What scares you? What makes you feel uncomfortable? What might result in embarrassment or even a feeling of humiliation? Think about it for a moment.
Now, would you like to do more of that?
We can have a tendency to avoid uncomfortable situations. It’s natural to avoid discomfort. We are blessed with an imagination that helps us plan for the future and weigh up potential outcomes. But this can sometimes play against us, when we over-emphasise the feelings that may come with the experience and not the end result.
“What if they disagree? I’ll be so embarrassed”
“What if I don’t get the job? I’ll be humiliated”
“What if she responds badly to my feedback? It’ll be so awkward”
Do any of these sound familiar?
So, we can spend more time avoiding the unpleasant feelings than we do working towards the goal itself.
Doing new things, doing important things, can come with feelings of uncertainty or even fear. How we talk to ourselves about the risks, the potential wins and the potential downsides can sometimes mean we decide not to proceed.
This in turn can limit our life experiences and we can miss out valuable opportunities to learn and grow along the way.
So it’s important to explore why we’re tempted to avoid these situations and taking these important steps towards our goals.
In some circumstances, our emotions are life-preserving – when fear reminds you to avoid that dark alley at night, for example. But strong emotions aren’t always our friend and if we listen to them too much, we can miss out. In the workplace, this could be volunteering for new responsibilities, speaking up in front of our peers or even having a difficult conversation with the boss.
If we listened to our own doubts and worried about the uncomfortable emotions associated with each of these opportunities, we may hesitate and then decide to avoid the discomfort. That’s certainly safe and comfortable in the short term, but in the longer term, it’s not helpful at all. If we do that, we’re engaging in what psychologists call ‘experiential avoidance’.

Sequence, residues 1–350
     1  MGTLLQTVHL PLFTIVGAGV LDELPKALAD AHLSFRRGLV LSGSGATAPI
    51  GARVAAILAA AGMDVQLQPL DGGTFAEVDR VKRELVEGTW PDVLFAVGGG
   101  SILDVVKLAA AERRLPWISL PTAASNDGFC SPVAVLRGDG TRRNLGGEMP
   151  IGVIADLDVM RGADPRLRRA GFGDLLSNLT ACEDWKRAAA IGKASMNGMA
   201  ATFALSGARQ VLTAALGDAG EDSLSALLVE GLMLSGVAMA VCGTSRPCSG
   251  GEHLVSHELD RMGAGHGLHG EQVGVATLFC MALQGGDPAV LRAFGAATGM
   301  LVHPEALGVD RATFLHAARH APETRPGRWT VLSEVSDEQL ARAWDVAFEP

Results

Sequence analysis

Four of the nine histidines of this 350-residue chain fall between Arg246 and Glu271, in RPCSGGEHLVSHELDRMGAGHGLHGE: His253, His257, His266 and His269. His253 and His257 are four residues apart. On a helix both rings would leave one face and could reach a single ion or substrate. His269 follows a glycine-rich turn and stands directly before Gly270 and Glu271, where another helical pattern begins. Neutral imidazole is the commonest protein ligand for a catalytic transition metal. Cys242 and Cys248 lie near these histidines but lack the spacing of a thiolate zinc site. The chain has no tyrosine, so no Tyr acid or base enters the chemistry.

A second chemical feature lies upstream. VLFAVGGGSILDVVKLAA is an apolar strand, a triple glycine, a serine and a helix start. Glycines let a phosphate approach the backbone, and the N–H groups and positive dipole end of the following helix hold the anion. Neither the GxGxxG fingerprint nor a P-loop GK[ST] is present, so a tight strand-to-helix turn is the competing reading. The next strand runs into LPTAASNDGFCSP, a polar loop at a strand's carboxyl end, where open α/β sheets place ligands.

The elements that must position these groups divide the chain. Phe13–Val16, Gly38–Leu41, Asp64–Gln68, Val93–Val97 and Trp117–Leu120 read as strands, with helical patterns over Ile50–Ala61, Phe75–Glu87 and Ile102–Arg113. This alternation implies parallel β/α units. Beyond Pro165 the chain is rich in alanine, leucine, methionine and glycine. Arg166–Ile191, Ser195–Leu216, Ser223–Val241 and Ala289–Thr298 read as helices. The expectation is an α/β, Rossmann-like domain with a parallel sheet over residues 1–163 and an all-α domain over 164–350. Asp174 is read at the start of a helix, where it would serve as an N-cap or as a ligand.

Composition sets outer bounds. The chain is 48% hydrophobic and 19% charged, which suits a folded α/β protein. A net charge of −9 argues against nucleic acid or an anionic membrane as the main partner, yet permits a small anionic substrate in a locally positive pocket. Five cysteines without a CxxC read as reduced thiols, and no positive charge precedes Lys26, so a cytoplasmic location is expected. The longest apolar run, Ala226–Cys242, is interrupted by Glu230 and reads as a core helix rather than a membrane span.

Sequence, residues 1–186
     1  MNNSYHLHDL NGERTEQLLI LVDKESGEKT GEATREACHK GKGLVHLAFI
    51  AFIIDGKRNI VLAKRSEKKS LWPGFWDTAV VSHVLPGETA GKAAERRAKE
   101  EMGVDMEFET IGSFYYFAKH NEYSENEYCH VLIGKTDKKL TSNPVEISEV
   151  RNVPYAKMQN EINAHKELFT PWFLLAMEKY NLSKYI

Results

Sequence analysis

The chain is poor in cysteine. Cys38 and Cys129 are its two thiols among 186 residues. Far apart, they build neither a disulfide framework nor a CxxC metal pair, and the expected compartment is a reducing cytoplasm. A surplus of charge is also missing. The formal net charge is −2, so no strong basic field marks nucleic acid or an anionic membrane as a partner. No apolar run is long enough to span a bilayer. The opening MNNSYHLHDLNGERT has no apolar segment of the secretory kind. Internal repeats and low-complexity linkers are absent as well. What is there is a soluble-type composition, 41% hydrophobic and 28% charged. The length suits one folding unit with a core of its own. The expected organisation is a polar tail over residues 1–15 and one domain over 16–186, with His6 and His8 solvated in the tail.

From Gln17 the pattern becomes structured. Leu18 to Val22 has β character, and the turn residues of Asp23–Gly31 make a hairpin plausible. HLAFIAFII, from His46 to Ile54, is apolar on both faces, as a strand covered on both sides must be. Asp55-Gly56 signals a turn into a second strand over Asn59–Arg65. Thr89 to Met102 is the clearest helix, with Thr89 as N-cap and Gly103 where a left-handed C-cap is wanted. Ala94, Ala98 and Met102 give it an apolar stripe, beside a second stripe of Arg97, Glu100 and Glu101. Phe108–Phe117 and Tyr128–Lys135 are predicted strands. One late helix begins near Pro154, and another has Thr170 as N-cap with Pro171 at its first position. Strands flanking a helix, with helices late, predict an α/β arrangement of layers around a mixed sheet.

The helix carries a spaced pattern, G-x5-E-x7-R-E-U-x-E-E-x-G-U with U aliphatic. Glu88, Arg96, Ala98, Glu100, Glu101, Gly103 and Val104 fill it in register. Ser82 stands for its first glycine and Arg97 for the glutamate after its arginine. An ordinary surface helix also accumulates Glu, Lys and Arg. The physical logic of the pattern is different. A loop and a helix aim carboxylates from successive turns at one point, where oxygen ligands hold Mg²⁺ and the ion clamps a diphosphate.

Our thoughts and emotions aren’t going anywhere, so how can we avoid them hijacking our plans?
Think about the activities and the opportunities to which you are actively drawn and those from which you ‘run away’. Are there any themes there? Would somebody else agree with your weighing up of the situation? And are you potentially missing out on an important opportunity to learn and grow by avoiding ‘uncomfortable’ situations?
- It’s important to understand that a thought is just a thought, rather than a logical instruction for us to follow. Similarly, emotions are both fleeting and they do us no real harm. They can be uncomfortable, but that’s it. And they will pass.
- Be clear on your goal and why you’re motivated to reach it. How is working towards that goal helpful and how useful will it be to reach it?
- Understand which of your important values you’re living in working towards this goal – this will give the hard work some meaning and alignment with who you are as a person.
The bottom line: you can feel uncertainty and fear, but keep moving in the direction that you value.
This post is part of a series on psychological flexibility, a concept central to our wellbeing and mental health. If you’d like to learn more about this, you can download our free guide to developing psychological flexibility via this link.